Gas prices in the Greater Toronto Area are set to rise five cents tomorrow and are expected to continue rising this fall, according to one industry analyst.
President of Canadians for Affordable Energy Dan Mcteague predicts that gas prices will increase to 153.9 cents per litre as of midnight on Thursday, and won’t stop there.
“Going forward, slowly in the month of October and a little faster in November, we're going to see prices rise. Especially on the diesel side, on the jet fuel side, on the natural gas side. On the home heating side, on the propane side. And yes that will impact gasoline,” he tells CP24.com.
McTeague says fuel prices right now are “as good as it gets” and recommends that drivers fill up ahead of this weekend.
He adds that Hurricane Ian, which was nearing Florida's southwest coast Wednesday morning, will play a big role in determining gas prices over the coming days.
“There's a chance we could see prices moving up and we're going to have to watch what happens to Hurricane Ian. A lot of people saying it won’t affect assets that create energy, oil, gasoline, oil in the United States, but there's a pipeline that goes to there called a Colonial Pipeline. I don't think it'd be flooded, but if it does it may shut down temporarily,” McTeague says.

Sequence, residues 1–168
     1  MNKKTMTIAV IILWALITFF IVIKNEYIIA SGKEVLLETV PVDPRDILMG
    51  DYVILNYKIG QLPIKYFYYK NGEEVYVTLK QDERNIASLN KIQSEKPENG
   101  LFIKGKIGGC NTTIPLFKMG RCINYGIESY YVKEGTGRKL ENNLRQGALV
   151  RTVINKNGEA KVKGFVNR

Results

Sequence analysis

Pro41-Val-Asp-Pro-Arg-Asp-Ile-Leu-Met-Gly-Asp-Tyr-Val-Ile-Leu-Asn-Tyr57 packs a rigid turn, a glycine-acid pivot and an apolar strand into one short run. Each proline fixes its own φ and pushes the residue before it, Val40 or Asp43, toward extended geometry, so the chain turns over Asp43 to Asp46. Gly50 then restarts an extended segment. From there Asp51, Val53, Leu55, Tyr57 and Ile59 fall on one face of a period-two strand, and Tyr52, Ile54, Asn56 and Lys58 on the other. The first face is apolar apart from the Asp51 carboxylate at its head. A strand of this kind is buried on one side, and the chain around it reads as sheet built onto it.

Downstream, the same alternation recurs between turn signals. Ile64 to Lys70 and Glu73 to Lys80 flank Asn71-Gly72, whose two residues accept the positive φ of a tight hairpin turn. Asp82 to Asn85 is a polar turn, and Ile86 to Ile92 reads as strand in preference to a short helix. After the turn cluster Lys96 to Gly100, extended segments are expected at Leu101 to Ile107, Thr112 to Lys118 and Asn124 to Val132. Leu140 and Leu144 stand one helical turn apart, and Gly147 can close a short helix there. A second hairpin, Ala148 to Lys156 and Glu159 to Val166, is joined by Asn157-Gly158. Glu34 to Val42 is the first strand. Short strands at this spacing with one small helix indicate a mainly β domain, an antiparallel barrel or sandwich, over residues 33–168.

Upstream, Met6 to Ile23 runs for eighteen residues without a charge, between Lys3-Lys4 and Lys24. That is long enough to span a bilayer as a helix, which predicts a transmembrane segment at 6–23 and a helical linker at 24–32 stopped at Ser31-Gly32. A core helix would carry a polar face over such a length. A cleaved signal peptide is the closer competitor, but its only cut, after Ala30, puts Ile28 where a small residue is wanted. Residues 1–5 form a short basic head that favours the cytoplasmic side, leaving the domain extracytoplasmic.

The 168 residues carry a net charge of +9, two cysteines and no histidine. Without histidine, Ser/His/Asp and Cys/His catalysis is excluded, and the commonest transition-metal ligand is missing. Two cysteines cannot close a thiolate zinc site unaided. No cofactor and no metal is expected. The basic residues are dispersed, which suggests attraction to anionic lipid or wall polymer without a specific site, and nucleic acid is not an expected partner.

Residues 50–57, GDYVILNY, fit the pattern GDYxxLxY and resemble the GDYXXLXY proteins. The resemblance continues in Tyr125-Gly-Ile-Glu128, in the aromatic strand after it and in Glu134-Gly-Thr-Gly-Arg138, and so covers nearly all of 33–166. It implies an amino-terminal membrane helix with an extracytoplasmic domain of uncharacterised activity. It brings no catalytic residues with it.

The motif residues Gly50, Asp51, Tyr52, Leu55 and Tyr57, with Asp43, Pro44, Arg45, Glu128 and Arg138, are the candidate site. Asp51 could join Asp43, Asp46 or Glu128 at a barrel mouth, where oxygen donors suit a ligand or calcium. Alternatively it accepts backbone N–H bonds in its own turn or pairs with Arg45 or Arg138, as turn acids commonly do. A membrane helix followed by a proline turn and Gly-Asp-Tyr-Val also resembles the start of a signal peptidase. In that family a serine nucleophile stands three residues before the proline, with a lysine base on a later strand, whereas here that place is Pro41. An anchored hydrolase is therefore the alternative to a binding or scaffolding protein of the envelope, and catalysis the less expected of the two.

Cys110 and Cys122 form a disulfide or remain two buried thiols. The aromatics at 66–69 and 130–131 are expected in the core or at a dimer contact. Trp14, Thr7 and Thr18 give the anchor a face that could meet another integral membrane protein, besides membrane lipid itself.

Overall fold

He says the impact of colder weather on the demand for more energy resources, which are in limited supply particularly in Europe, will also contribute to rising fuel prices.
In addition, McTeague says the weakness of the Canadian dollar is bringing up prices at the pumps.
A week ago, the loonie briefly fell below 74 cents US in early trading, hitting a low not seen since the onset of the COVID-19 pandemic.
“So that's a big deal because we price all of our energy and all of our products in Canada in U.S. dollars, it’s now taking about 137 pennies to buy U.S. dollars. So that's really the bottom line, is that I don’t think there’s a lot of things that augur well for consumers. I think prices are likely to go higher, maybe back to $160.0 (per litre) in the month of October,” he says.
Gas prices have been on the rise across Southern Ontario since late February, primarily due to fuel supply shortages amid Russia’s invasion of Ukraine, and the international sanctions that have been imposed as a result of the war.